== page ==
Rounding out the exhibit were some fantastic poster ads that I would’ve borrowed for the walls of my den, bedroom and front-entry hallway, like the huge L’ Hippodrome, ca.1900 by Manuel Orazi, and various advertisements of Sarah Bernhardt by the “father of Art Nouveau”, Alphonse Mucha. L’ Hippodrome advertises a show at the newly opened circus-style venue in Paris.  In this poster, a horse race, or more likely a performance of Turks chasing an innocent young woman on horseback, is depicted in elaborate art nouveau style. I’d stick this ad on a wall in my entry way, welcoming guests to the circus-style venue I call my home.

I found one of my favorite affiches toward the end of the exhibit: Cycles Gladiator, ca.1895, artist unknown (simply initialed “L.W”).  And although I’m partial blondes, (being one myself), the image of a floating naked blonde in space, steering a bicycle with winged wheels, kind of rocks. I also like the “artist unknown” part of this advertisement. You can muse if the artist was a man or a woman, and if there was some kind of mysterious reason behind the anonymity of the illustration. Or maybe the illustrator was just cranking out the affiche to meet a deadline. I think this poster would go well on my office wall, if somewhat-scandalous nudity was allowed there.  During a busy day I would spin my chair around to view the woman suspended above her bike, in all her flowing hair and free-flight glory, imagining that was me, floating away to Happy Hour, an Italian vacation or a weekend filled with massages.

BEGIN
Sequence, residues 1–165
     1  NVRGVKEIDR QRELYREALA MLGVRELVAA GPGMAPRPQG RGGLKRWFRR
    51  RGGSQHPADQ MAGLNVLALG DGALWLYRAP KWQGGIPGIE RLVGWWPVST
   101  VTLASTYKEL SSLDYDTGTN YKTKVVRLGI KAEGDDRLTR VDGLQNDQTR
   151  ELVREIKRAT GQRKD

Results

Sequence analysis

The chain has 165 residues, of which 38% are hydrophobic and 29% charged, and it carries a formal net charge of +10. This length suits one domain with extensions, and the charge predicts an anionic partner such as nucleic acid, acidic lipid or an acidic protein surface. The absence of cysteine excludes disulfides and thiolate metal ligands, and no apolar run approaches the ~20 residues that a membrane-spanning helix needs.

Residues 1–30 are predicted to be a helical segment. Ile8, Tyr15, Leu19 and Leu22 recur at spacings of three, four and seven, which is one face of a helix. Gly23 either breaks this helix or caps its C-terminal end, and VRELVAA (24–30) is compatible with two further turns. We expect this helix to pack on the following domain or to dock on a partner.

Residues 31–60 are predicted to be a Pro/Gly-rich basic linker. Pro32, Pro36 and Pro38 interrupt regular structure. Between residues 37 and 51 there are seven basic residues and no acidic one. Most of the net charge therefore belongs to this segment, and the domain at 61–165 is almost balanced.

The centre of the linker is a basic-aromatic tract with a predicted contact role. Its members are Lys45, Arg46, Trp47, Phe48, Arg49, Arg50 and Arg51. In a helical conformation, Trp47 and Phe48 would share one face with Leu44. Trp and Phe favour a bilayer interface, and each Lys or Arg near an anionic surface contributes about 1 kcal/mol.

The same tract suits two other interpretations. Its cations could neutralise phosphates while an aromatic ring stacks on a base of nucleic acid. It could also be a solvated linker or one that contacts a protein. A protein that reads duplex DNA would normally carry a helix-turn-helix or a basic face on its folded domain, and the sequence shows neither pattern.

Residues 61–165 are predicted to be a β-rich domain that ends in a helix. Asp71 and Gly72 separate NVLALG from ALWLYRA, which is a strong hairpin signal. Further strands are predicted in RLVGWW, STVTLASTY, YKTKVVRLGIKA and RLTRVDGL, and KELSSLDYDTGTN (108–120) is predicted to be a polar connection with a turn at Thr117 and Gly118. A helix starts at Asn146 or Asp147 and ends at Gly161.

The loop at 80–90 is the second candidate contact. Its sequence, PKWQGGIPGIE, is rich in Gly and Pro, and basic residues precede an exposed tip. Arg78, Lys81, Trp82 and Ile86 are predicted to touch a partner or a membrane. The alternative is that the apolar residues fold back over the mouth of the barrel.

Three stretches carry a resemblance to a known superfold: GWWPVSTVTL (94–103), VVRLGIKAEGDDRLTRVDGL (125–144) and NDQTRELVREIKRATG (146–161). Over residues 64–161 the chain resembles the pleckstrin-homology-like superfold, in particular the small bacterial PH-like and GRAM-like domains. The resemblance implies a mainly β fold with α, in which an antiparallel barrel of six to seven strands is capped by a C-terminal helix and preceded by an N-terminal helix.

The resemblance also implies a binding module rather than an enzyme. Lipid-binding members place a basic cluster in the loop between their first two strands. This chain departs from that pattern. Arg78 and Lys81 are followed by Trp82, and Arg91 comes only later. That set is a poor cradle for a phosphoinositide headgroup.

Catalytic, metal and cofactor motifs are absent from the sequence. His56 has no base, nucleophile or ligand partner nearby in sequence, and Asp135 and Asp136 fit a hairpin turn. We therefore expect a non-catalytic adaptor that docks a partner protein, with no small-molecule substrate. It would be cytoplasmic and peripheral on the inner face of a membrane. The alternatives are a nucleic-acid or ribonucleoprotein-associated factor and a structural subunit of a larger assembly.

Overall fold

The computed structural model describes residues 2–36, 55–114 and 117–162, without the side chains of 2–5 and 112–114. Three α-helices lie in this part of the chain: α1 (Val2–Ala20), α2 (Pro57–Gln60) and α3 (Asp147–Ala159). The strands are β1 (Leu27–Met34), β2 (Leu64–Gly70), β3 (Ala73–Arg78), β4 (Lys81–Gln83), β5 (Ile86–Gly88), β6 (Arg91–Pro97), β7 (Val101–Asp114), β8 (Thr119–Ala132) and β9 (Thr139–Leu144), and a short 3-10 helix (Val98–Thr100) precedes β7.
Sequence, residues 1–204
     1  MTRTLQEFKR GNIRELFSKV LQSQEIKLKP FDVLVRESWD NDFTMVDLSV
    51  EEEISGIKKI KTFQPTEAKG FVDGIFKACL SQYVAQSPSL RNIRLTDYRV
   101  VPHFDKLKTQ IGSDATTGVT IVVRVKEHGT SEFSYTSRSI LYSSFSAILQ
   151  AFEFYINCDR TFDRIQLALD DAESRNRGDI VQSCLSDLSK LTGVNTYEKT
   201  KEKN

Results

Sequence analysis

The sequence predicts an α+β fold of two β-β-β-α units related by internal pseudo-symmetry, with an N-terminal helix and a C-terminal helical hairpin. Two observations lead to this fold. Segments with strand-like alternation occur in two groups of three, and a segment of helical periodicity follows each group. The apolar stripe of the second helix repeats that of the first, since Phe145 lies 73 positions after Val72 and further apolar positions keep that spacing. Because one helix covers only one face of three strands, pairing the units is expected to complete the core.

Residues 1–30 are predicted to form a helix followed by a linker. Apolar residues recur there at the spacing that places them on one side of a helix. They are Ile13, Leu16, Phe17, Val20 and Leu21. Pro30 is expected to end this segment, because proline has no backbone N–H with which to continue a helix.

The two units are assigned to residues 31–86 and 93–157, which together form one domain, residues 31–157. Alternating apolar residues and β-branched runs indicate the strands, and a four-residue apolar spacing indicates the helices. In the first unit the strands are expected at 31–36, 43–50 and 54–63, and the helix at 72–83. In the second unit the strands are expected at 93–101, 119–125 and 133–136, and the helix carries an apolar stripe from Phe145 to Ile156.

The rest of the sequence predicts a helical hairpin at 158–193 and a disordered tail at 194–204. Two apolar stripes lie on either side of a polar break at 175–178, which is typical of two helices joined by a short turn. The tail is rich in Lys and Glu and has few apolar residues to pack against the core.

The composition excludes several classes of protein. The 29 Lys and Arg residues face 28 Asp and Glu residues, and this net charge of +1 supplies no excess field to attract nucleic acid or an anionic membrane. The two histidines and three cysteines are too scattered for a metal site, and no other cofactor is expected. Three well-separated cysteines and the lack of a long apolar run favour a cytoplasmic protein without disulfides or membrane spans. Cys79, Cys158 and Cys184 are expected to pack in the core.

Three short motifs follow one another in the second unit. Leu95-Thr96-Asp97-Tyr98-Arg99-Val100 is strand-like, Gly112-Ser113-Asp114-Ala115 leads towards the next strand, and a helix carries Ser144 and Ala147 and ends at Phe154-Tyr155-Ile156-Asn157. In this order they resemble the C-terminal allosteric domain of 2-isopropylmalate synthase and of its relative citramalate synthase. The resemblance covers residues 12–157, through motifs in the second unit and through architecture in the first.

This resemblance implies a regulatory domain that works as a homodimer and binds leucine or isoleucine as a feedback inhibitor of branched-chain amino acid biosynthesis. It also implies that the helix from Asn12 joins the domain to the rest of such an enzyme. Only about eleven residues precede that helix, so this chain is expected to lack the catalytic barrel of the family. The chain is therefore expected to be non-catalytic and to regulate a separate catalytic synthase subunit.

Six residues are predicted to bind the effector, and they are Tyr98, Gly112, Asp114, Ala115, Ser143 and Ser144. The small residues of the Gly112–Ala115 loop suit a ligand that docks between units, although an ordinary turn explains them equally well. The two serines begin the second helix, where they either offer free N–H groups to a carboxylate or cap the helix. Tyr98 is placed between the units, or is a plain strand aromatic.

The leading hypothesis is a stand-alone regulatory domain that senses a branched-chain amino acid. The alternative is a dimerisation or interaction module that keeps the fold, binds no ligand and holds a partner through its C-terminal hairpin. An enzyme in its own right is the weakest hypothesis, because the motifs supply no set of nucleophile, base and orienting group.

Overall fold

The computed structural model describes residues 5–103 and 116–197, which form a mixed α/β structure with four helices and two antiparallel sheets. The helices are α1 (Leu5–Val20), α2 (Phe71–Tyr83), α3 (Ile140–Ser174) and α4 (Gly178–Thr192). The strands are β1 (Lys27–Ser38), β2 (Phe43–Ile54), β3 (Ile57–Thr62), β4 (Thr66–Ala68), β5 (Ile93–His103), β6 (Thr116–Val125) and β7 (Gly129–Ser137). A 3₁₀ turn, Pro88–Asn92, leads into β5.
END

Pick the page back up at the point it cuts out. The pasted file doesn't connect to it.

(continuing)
While there are many more posters and artists I’ve not referenced in this exhibit, Posters of Paris:  Toulouse-Lautrec & His Contemporaries runs October 14 through January 20, and you should definitely spend an hour or two checking it out.  This exhibit will remind you that you’re a lot like the 1890s affichiomaniacs.  Being part of a target audience through clever artistic solicitations is something kind of inescapable.  Look at ol’Johnny Rotten now, peddling his Public Image for Country Life British Butter. If I was walking down a main street in the center of town and saw an affiche of him slapping that creamy goodness onto a slice of bread, well … hello new kitchen wallpaper.

Related Posts

Preview of Posters of Paris at the Dallas Museum of Art – October 14, 2012

About Claire Troy

Claire Troy attends as many local art exhibits and music shows as time allows. A graduate of the Art and Performance program at the University of Texas at Dallas, she's partial to Italian Renaissance painting and the sculptures of Bernini. She also enjoys Medieval history, research and traveling. Claire is on Facebook at facebook.com/clairetroy.

One Response to “Review of Posters of Paris at the Dallas Museum of Art”

  1. Mel says:

    Fab review – great writing !